Violence in the Media (page 3)
Turn on the television set during prime time, and, unless you select your programs carefully, you’re likely to see an act of violence within five minutes and several more not too long afterward. Saturday morning is even worse. Eight of 10 programs contain violence, with prime-time programs averaging five violent acts per hour and Saturday morning cartoons averaging about 20 per hour. The average child in the United States has seen 8,000 murders and 100,000 other violent acts during childhood (Bushman & Anderson, 2001). The American Psychological Association, the American Academy of Pediatrics, and other major associations warn parents to keep their children away from mass media violence. Video programs, televison programs, and the nightly news all contain content that’s not good for children. Why so much violence and sex? Those things are interesting—and interest sells products—so we get exposed to a good deal of it. The question is: What does all this do to children?
For one thing, research shows that viewing violence influences children in a way that makes them more likely to become violent (Anderson et al., 2003; Singer & Singer, 2005). Watching violence eventually desensitizes us all. If it didn’t, how could people sit and eat a meal while watching people in living color be tortured, mutilated, shot, and even blown sky-high before their very eyes? That’s enough to turn one’s stomach, yet children get used to it by watching television, DVDs, and playing video games.
Years of studies show that television watching and aggression go together. Children who watch more television are more aggressive. However, it’s hard to tell whether television causes the aggression or whether children who are more aggressive just tend to watch more television. However, some experimental studies show that children who are exposed to a violent televised episode are more aggressive when they are put immediately into a real-life anger-provoking situation. These children show more physical aggression than children who watch something nonviolent before being put into the same situation. In a classic study by Bandura and Walters (1963), children modeled the behavior of adults they saw on films punching an inflated “knock-down” figure. Many other studies since have shown similar results.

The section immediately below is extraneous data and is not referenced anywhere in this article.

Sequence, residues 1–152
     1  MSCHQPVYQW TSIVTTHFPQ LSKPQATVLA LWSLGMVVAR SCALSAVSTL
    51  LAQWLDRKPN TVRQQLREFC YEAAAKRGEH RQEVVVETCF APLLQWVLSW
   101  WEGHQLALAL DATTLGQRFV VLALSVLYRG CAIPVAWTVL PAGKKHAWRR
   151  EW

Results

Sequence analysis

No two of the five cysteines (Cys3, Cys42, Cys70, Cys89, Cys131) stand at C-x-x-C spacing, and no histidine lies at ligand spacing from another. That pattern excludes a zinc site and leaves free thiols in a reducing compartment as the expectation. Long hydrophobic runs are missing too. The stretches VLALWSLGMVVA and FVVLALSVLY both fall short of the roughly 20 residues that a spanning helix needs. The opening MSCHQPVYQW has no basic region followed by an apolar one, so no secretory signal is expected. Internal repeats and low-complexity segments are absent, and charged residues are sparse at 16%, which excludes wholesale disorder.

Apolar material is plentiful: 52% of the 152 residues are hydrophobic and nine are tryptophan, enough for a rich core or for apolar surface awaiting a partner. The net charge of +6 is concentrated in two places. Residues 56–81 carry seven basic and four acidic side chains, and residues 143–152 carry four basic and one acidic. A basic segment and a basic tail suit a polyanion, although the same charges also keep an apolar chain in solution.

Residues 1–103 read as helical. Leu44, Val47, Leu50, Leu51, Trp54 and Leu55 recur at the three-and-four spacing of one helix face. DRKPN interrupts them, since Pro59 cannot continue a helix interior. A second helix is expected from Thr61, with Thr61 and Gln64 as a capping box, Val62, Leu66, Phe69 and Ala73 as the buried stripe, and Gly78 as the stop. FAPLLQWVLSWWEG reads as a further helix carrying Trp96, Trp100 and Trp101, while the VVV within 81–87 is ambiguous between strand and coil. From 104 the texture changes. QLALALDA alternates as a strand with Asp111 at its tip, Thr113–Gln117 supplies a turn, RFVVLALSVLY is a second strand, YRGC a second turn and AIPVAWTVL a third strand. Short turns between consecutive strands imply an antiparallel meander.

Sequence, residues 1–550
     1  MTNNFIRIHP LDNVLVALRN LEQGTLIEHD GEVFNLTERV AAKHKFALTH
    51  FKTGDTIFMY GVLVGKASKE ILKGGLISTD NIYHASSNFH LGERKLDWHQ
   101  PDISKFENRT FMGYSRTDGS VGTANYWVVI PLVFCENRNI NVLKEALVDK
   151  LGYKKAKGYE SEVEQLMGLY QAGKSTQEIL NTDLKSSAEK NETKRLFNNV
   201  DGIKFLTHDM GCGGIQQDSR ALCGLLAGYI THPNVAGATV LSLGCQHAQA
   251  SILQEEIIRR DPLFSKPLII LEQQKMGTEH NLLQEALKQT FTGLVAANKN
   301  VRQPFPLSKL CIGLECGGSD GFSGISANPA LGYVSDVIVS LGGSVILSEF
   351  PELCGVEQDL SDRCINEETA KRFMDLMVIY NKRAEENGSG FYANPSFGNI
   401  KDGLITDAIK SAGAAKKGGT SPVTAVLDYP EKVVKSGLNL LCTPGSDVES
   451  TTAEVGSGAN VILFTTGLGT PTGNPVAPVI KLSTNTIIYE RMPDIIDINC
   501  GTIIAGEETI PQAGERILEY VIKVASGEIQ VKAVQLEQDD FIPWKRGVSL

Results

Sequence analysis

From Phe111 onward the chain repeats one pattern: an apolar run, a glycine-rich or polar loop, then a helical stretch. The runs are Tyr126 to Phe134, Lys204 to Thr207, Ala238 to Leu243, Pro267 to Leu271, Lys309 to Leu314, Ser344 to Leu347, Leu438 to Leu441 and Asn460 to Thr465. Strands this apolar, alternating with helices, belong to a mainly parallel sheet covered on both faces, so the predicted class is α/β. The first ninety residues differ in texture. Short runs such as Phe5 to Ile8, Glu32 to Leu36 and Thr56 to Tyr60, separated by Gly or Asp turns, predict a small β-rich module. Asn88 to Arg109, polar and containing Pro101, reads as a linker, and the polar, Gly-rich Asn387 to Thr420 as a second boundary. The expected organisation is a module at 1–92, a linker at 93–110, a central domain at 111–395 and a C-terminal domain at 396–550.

Television viewing of violence and real-life violence are connected. A long-term study followed 300 boys for 30 years. The boys who watched more TV violence at age 8 were involved in more espousal violence and more criminal violence by age 32 (Huesmann & Miller, 1994).
One way to discover the effects of television on children is to study a group of children who have not been exposed to television and then observe them after television comes into their lives. Such a study was done in northern Canada in a remote place where television hadn’t yet penetrated. Then, when television was introduced, researchers were able to make comparisons. They found that violent behavior increased in both boys and girls (Hirsch, 1997).
If we want to confront violence in our society, we must pay attention to these kinds of studies. We must regard television as the dangerous device it is and bring it under conscious control. We must not let it continue to influence children in negative ways. The children slouched in front of sets today are the ones who grow up to be tomorrow’s citizens. What kinds of citizens will they be?